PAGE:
|dc.description.abstract||Work injuries have been increasing significantly globally, and work injury research
has largely involved scientific research seeking associations between work injuries
and direct and indirect costs. However, little research has been directed at the
experience of the injured worker. A phenomenological approach was used in this
research to gain insight and understand the lived experience of work injuries.
Phenomenology was utilised because it allows for examination of experience, and
was an approach that could provide insights into how work injuries were
experienced. In this study, five people who had sustained work injuries and who
were off work for at least two months due to their injuries participated and completed
semi-structured interviews. Data were transcribed and analysed. The lived
experience of work injuries is described in terms of trauma, broken body,
communication, relationships, and coping. These themes elucidate the context of
work injuries as embodied experiences. Findings suggest that work injuries are
experienced as very traumatic and harrowing. The participants found it difficult to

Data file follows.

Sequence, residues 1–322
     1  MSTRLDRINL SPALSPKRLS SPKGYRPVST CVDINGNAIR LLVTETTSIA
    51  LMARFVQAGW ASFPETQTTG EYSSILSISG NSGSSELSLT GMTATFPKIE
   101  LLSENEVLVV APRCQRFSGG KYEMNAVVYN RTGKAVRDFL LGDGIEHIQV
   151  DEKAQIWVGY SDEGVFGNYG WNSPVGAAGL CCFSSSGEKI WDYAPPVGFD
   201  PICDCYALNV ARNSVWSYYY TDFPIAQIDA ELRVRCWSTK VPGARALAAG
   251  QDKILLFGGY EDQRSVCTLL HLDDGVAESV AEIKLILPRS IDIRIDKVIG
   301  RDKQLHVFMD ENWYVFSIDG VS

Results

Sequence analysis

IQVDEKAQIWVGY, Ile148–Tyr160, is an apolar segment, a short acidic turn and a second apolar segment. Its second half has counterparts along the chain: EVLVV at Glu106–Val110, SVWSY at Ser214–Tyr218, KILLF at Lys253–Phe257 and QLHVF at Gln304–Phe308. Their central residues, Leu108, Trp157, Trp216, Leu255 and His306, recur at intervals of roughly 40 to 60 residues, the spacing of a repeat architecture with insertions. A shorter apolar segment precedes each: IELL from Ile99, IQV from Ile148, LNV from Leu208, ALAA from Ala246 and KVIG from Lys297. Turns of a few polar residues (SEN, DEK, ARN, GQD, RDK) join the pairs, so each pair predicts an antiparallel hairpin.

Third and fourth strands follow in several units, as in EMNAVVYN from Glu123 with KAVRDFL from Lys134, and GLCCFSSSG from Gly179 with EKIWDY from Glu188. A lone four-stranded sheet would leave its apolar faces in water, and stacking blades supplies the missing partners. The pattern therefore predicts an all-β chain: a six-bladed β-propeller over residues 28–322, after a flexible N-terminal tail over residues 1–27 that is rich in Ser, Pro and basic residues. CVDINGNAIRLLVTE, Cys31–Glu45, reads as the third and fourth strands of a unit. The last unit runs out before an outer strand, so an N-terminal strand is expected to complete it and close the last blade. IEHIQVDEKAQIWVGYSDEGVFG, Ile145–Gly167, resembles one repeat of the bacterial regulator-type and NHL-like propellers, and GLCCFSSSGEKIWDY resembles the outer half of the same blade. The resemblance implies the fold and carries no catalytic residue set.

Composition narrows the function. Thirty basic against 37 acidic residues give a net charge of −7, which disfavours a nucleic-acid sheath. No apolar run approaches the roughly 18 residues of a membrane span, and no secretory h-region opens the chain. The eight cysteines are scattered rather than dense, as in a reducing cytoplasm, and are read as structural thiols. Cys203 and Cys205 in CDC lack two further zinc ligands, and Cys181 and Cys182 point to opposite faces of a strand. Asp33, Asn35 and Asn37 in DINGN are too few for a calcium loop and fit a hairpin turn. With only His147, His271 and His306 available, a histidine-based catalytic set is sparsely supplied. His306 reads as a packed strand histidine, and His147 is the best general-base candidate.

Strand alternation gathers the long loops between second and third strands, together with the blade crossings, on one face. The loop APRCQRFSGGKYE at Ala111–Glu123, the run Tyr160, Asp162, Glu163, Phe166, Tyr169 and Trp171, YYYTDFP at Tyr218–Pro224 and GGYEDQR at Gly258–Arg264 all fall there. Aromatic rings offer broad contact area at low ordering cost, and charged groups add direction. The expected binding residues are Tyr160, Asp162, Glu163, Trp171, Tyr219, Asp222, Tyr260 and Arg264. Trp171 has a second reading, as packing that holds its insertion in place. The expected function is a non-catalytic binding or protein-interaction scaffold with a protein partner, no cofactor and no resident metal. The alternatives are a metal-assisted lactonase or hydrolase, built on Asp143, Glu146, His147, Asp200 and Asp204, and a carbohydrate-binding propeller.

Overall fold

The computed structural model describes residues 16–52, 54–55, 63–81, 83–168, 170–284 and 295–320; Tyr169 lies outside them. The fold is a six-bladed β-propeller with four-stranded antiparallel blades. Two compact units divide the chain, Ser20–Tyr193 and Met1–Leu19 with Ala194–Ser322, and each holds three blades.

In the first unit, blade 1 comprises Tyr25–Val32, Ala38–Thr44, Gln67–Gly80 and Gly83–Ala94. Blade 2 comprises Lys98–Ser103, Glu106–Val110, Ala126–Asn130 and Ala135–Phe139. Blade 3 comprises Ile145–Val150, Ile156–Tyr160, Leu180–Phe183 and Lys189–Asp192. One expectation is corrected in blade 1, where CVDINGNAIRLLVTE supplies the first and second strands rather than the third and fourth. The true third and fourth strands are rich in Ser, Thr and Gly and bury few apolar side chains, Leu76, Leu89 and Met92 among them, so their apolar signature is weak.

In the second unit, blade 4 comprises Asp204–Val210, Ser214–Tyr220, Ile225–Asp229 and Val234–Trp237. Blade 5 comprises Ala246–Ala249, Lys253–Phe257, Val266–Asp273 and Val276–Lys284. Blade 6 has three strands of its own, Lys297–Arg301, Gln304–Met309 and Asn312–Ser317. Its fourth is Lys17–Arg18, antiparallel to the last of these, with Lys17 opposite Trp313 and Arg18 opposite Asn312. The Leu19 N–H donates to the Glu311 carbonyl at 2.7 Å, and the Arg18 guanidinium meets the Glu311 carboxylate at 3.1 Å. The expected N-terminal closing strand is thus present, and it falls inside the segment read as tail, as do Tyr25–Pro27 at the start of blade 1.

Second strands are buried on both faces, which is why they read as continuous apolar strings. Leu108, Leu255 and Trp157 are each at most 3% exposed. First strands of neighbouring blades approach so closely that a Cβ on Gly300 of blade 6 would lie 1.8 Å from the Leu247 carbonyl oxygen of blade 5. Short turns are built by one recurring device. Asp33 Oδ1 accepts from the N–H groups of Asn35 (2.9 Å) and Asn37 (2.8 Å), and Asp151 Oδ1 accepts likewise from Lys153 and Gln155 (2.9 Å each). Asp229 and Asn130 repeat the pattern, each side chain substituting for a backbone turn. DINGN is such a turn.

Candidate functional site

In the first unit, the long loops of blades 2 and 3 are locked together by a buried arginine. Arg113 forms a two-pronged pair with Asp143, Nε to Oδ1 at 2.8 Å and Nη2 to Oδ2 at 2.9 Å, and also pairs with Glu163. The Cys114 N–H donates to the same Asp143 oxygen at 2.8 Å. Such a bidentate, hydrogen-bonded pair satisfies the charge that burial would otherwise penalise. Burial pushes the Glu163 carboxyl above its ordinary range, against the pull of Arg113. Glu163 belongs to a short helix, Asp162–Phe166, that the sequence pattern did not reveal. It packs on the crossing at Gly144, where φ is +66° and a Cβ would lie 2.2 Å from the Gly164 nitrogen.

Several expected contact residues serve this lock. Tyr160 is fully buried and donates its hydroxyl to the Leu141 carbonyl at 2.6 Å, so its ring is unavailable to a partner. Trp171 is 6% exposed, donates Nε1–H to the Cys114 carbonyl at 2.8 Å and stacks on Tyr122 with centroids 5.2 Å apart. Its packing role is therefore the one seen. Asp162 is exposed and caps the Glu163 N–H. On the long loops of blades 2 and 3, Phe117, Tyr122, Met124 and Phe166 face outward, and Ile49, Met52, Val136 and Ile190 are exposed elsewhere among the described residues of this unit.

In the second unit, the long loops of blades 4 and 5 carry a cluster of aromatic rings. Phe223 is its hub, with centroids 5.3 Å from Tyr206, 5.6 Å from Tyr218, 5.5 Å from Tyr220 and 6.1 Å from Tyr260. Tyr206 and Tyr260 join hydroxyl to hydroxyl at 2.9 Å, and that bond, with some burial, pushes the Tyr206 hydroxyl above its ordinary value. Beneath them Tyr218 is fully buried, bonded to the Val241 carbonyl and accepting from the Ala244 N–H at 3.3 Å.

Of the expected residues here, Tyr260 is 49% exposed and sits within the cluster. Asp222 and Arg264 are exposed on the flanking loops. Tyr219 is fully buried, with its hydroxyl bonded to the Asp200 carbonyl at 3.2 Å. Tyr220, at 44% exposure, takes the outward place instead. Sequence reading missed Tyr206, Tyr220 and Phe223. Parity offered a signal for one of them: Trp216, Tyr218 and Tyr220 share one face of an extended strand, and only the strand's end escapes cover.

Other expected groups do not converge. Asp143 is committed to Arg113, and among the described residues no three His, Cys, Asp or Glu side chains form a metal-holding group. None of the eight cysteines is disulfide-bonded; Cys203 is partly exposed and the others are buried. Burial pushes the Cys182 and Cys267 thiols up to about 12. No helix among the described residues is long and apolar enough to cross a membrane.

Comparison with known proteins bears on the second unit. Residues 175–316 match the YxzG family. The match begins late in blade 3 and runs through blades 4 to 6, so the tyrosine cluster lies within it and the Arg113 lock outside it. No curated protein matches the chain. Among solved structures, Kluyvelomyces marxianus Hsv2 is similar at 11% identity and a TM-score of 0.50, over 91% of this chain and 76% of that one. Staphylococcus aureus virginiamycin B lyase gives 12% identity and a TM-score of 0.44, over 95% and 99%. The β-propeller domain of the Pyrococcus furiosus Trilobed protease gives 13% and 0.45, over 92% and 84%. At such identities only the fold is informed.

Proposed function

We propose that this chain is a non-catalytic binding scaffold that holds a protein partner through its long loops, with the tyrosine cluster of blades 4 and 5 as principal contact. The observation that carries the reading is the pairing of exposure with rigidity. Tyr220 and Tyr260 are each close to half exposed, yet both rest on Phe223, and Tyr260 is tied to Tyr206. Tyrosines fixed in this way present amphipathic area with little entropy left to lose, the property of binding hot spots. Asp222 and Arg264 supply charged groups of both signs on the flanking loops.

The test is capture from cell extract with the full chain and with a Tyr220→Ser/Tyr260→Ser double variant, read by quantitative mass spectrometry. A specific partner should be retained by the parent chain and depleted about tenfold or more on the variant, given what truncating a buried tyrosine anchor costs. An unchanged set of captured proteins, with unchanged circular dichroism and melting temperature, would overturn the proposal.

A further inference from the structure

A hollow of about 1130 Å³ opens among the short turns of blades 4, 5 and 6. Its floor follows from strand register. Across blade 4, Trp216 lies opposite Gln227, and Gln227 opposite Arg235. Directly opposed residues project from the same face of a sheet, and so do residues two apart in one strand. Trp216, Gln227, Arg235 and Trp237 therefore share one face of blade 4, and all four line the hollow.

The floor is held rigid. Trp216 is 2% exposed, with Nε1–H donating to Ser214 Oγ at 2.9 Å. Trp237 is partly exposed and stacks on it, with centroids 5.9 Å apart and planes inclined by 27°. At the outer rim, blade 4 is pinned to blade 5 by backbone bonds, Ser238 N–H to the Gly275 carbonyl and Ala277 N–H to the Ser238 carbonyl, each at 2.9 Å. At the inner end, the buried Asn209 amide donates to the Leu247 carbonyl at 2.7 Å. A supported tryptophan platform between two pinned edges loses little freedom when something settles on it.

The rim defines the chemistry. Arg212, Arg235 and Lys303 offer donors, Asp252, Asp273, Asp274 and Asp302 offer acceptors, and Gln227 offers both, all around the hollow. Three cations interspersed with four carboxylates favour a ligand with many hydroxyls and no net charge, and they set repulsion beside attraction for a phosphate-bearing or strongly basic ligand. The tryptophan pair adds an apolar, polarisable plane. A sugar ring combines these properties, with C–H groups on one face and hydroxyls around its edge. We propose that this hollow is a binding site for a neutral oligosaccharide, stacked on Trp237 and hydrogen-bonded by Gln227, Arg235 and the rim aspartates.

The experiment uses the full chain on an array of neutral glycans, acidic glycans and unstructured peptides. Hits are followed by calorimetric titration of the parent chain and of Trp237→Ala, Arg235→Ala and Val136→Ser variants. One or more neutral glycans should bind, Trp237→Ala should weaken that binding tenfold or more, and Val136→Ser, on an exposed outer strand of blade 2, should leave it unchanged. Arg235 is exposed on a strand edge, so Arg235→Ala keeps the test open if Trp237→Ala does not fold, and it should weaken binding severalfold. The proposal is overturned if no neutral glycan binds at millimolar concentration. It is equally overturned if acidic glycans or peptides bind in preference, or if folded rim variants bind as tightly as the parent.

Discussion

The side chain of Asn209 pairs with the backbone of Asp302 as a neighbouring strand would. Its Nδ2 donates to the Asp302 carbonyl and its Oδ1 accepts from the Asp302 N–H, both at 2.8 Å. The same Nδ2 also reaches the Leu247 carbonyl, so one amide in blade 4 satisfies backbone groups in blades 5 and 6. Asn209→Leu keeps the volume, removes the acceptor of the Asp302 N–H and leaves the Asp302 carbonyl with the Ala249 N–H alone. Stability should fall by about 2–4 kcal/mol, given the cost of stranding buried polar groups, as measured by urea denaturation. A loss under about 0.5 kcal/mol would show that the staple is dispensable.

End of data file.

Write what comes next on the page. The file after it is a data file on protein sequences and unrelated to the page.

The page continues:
navigate the world through their broken bodies after sustaining the work injury.
Through these broken bodies, the participants experienced humiliation shame,
inferiority, and they felt as if they were losing control over managing their injuries.
Many stakeholders were involved with the participants in order to create plans to
return to work (RTW) and rehabilitation. The sheer amount of people involved in the
rehabilitation made communication difficult at times. The participants and their
families’ lives changed radically as a result of the work injuries, and it contributed to
difficulties in relationships. While the work injuries disrupted the injured worker's
lives, they worked through these difficulties by using different strategies to cope.
Navigating the world with broken bodies after work injuries, are traumatic, and
rehabilitation is complex and multifaceted.||en_US